The most commonlyused conserved quantities in this class are mass and energy (other conserved quantities include momentum and electric charge). However, it is important to note that though the total mass and total energy in a system are conserved, the mass of a single species is not (since it may be changed into something else in a reaction). Neither is the "heat" in a system if a socalled "heatbalance" is performed (since it may be transformed into other forms of energy. Therefore, one must be careful when deciding whether to discard the generation term).
 Steady State: A system which does not accumulate a substance is said to be at steadystate. Often times, this allows the engineer to avoid having to solve differential equations and instead use algebra.
 All problems in this text assume steady state but it is not always a valid assumption. It is mostly valid after a process has been running in a controlled manner for long enough that all the flow rates, temperatures, pressures, and other system parameters have reached reasonably constant values. It is not valid when a process is first warming up (or an operating condition is changed) and the system properties change significantly over time. How they change, and how long it takes to become close enough to steady state, is a subject for another course.
Conservation of massEdit
TOTAL mass is a conserved quantity (except in nuclear reactions, let's not go there), as is the mass of any individual species if there is no chemical reaction occurring in the system. Let us write the conservation equation at steady state for such a case (with no reaction):
Now, there are two major ways in which mass can enter or leave a system: diffusion and convection. However, if the velocity entering the unit operations is fairly large and the concentration gradient is fairly small, diffusion can be neglected and the only mass entering or leaving the system is due to convective flow:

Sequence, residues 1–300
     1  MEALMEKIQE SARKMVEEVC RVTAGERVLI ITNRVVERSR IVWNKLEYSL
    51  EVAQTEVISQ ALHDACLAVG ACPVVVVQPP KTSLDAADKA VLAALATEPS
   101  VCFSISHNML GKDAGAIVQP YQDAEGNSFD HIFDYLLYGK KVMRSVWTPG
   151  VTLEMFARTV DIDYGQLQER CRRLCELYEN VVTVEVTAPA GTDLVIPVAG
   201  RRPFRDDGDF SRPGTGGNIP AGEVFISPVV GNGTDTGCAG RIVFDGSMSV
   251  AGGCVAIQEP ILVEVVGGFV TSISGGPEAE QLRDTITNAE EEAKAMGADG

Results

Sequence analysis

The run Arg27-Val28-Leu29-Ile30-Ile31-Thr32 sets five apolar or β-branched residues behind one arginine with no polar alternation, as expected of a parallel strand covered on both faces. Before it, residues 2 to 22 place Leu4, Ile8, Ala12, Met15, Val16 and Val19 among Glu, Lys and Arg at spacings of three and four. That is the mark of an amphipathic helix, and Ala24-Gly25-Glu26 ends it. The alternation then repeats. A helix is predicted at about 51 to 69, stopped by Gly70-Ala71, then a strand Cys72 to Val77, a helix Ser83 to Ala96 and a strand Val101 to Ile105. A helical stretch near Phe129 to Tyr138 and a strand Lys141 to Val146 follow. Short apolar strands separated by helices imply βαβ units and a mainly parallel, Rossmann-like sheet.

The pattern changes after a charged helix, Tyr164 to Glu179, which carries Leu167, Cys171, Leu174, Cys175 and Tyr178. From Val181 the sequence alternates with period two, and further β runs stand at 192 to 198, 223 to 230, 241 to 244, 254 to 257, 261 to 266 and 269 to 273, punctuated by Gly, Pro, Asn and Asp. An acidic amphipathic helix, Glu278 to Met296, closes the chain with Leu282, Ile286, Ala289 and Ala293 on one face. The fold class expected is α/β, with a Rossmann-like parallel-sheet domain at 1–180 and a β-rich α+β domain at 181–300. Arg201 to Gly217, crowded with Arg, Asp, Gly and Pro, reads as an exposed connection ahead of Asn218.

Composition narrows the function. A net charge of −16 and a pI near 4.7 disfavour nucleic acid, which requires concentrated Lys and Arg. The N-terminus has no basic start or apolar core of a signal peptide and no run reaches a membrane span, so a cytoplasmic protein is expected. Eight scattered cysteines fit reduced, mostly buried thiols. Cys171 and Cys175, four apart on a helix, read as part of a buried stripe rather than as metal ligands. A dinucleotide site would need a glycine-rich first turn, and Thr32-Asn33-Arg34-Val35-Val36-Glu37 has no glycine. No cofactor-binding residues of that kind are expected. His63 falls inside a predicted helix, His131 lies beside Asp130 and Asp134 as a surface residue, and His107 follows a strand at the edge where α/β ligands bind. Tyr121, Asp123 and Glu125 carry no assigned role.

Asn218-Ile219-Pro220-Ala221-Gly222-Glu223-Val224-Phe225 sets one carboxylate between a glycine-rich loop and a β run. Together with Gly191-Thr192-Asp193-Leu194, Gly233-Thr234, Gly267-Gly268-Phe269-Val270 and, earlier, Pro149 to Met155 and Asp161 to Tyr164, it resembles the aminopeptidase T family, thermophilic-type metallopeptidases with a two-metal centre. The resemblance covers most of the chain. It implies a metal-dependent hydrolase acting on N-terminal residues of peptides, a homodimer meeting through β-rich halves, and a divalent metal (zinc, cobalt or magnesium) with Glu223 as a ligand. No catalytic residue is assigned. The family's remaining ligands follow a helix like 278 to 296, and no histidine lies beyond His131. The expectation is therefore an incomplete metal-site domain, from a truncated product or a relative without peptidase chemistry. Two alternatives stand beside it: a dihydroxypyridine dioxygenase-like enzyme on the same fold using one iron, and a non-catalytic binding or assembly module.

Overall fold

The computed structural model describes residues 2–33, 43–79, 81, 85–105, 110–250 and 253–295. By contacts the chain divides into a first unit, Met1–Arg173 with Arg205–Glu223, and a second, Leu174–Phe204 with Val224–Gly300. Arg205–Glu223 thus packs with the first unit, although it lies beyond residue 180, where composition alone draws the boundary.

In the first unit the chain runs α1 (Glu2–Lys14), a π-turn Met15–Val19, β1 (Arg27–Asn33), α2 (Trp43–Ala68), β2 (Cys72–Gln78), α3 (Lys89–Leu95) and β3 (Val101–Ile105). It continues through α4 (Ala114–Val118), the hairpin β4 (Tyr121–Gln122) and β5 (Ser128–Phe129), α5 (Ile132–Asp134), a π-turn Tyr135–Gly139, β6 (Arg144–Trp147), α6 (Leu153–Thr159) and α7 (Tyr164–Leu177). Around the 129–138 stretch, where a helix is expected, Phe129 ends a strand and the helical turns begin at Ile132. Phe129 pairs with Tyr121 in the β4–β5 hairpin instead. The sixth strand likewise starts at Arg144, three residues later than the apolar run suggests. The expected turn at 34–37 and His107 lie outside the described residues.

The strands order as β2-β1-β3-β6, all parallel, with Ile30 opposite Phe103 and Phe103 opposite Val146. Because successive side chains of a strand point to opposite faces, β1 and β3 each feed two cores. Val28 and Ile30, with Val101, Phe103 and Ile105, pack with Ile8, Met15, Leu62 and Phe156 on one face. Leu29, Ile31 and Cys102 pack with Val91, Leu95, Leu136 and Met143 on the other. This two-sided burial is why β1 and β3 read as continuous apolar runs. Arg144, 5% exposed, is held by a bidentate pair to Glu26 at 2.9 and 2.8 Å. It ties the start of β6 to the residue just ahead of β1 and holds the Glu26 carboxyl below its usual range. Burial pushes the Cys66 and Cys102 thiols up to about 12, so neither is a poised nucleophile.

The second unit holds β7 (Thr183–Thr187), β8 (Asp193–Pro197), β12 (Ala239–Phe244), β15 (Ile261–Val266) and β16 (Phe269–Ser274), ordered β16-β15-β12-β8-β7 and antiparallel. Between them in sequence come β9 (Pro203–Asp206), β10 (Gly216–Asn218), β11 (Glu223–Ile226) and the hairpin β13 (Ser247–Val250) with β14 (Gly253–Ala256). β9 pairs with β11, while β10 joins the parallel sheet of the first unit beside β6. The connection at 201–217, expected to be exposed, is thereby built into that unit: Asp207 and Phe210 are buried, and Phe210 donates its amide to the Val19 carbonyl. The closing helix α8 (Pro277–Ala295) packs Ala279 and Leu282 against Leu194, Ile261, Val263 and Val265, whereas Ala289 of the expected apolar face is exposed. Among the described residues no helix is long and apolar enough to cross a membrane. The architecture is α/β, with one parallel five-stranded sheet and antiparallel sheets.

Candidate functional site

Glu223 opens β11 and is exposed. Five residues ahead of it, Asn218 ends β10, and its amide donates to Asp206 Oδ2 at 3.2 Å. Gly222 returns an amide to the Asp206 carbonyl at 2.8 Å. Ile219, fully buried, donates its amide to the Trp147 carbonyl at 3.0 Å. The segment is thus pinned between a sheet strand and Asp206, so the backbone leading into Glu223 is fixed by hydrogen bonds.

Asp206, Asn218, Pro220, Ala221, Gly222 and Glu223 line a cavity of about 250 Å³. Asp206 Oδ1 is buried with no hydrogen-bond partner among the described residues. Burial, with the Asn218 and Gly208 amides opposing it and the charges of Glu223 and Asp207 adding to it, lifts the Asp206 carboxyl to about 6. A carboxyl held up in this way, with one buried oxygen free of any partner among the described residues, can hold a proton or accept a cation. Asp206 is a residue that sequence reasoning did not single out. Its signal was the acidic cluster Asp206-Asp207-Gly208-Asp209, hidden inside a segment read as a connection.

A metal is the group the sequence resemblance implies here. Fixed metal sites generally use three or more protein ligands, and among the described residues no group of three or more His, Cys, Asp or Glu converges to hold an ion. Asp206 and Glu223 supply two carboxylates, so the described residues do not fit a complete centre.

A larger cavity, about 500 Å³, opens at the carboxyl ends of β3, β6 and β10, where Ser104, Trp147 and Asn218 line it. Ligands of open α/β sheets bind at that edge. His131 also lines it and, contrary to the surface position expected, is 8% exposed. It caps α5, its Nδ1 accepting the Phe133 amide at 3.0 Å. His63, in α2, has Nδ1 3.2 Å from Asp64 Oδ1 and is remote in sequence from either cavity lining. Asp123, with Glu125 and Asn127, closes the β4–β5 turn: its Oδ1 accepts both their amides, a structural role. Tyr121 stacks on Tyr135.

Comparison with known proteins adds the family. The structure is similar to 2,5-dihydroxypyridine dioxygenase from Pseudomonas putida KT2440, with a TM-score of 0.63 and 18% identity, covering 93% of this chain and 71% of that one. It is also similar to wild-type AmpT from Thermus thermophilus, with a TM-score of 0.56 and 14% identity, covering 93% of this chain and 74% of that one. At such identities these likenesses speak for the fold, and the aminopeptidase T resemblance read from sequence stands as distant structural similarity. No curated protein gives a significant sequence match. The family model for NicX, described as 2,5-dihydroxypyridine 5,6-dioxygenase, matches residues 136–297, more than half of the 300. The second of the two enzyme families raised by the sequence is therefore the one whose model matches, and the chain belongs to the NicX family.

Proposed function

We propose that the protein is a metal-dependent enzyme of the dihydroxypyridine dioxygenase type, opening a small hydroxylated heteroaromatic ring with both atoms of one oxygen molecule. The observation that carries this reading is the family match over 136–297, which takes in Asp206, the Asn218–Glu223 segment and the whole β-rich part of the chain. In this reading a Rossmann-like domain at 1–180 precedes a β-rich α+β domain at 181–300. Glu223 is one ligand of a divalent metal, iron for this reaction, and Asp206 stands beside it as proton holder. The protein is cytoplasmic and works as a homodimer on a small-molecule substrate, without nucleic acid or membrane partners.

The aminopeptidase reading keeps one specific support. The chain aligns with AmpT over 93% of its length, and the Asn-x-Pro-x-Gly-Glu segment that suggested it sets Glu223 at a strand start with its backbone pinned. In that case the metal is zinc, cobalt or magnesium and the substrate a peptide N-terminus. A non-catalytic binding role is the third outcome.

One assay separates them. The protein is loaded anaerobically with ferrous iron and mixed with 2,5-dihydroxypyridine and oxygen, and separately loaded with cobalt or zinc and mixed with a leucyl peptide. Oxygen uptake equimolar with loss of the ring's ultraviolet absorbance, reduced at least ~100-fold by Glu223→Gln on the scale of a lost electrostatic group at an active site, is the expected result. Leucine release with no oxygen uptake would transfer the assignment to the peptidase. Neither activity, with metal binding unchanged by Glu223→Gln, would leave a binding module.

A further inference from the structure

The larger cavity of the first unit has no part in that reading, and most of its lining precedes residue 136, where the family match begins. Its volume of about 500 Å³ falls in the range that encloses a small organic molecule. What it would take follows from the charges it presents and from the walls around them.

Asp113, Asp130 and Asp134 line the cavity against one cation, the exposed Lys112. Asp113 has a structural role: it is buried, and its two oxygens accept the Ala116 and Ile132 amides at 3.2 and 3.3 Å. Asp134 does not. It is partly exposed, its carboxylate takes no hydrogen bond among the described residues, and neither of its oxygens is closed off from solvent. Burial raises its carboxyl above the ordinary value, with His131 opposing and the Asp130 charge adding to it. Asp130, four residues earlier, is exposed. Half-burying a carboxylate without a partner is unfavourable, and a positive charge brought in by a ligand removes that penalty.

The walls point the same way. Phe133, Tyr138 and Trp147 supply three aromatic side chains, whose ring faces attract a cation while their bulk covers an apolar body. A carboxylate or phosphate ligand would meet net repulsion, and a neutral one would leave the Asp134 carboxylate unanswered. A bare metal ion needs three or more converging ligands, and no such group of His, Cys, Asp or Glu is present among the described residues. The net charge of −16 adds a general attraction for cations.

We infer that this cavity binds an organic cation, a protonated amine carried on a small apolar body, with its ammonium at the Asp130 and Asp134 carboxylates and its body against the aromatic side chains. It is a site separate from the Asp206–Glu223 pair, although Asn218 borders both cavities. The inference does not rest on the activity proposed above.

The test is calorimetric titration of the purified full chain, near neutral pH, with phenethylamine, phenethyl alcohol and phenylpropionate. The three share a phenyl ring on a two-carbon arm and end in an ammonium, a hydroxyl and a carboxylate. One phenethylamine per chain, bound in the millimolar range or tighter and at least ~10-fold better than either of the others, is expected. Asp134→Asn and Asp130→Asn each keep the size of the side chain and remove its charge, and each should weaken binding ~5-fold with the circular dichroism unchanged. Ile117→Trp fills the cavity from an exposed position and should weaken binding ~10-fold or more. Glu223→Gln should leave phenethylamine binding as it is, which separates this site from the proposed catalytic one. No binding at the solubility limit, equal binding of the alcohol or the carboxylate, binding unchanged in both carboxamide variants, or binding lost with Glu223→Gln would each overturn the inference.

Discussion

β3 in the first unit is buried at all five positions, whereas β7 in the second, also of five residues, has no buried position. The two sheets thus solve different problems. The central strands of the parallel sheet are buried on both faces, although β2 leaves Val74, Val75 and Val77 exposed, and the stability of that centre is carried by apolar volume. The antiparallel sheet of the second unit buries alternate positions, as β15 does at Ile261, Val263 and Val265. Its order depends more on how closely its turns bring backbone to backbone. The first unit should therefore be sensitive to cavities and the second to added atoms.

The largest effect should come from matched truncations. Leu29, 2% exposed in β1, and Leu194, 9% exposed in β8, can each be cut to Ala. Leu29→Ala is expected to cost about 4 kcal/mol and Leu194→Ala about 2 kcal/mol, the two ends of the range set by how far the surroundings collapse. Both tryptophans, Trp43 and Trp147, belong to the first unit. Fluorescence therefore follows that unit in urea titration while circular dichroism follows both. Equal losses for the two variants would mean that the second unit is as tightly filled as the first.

A similar equation apply for the mass out.
In this book, we generally use the symbol to signify a convective mass flow rate, in units of . Since the total flow in is the sum of individual flows, and the same with the flow out, the following steady state mass balance is obtained for the overall mass in the system:

If it is a batch system, or if we're looking at how much has entered and left in a given period of time (rather than instantaneously), we can apply the same mass balance without the time component. In this book, a value without the dot signifies a value without a time component:
Let's work out the previous example (the funnel), but explicitly state the mass balance. We're given the following information:
From the general balance equation,
Therefore, .
Since the accumulation is 0, the system is at steady state.
This is a fairly trivial example, but it gets the concepts of "in", "out", and "accumulation" on a physical basis, which is important for setting up problems. In the next section, it will be shown how to apply the mass balance to solve more complex problems with only one component.